Today, the Supreme Court issued two decisions, described below, of interest to the business community.
The patent venue statute, 28 U.S.C. § 1400(b), permits a patent infringement action to be brought "in the judicial district where the defendant resides." Although the Supreme Court held in 1957 that § 1400(b) was exclusive and that a corporate defendant "resides," for these purposes, only where it is incorporated, the Federal Circuit held in 1990 that amendments to the general venue statute, 28 U.S.C. § 1391, had changed the venue calculus in patent cases. The Federal Circuit's approach provided plaintiffs with far greater flexibility in selecting a venue, which resulted in a disproportionate share of patent infringement actions being filed in judicial districts (like the U.S. District Court for the Eastern District of Texas) believed to favor the interests of patent holders. Today, in an 8-0 decision authored by Justice Thomas, the Supreme Court rejected the Federal Circuit's approach and held that a domestic corporation can be sued for patent infringement only in its state of incorporation. This decision is likely to shift a substantial amount of patent litigation from Texas to federal courts in states like Delaware and California.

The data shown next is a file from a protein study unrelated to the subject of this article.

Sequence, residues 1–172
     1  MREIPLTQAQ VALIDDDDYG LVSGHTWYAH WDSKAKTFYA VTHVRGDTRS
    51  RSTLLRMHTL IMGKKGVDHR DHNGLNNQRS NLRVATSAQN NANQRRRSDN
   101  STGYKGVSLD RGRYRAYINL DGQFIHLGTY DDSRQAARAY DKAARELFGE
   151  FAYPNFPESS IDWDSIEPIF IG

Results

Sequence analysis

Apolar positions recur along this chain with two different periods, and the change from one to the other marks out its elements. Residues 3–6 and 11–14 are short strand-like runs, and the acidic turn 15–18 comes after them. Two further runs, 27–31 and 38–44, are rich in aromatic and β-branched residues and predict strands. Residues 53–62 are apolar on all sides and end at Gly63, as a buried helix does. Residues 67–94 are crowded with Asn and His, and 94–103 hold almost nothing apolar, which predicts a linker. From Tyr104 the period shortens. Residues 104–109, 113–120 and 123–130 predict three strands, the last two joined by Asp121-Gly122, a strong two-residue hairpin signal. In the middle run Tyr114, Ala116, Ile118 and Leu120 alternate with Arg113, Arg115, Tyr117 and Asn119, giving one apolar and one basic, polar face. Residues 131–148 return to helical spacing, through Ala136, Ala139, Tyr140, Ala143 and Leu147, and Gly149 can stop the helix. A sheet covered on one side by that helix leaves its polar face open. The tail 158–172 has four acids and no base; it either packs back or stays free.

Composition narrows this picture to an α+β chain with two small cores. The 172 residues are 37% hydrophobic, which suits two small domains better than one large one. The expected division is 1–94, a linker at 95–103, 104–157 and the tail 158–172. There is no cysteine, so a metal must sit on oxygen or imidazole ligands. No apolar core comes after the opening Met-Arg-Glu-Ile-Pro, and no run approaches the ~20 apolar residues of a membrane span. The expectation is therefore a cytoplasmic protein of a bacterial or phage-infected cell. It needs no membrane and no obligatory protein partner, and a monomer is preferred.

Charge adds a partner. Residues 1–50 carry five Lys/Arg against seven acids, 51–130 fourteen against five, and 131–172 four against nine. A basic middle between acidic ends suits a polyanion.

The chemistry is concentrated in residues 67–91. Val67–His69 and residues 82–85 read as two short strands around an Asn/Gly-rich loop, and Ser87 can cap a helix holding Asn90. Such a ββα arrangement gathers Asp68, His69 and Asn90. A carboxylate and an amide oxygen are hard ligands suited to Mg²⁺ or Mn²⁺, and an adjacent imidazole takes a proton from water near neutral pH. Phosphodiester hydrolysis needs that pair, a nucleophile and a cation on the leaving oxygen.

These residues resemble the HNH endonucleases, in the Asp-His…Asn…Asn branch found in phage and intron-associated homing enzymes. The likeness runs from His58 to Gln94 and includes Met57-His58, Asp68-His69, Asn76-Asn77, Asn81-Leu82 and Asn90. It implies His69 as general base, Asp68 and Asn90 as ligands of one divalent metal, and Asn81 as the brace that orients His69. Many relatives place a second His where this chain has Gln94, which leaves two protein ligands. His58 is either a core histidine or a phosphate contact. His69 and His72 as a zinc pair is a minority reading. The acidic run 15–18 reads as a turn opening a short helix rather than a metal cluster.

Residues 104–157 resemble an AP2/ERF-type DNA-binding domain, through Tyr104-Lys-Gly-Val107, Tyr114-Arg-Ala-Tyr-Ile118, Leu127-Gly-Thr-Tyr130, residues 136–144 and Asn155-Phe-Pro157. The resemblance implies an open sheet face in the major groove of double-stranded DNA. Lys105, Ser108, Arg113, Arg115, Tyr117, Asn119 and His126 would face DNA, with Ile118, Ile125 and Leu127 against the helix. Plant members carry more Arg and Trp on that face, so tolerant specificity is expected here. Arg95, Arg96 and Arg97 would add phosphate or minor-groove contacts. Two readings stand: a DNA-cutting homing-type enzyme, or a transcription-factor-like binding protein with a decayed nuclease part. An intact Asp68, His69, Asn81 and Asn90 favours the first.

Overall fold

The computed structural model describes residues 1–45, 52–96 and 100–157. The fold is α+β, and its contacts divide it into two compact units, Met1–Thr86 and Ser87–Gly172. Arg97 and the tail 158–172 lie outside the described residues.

Hague Service Convention—International Service of Process
The Hague Convention on the Service Abroad of Judicial and Extrajudicial Documents in Civil or Commercial Matters—to which the United States is a party—addresses the service of judicial documents among member states. Generally speaking, when the Hague Service Convention applies, certain methods of service are approved and inconsistent methods of service are preempted. Today, the Supreme Court held that the Convention does not prohibit service by mail. That question had previously divided the lower courts. The Supreme Court's conclusion was unanimous (except for Justice Gorusch, who did not participate), and was announced through an opinion authored by Justice Alito.
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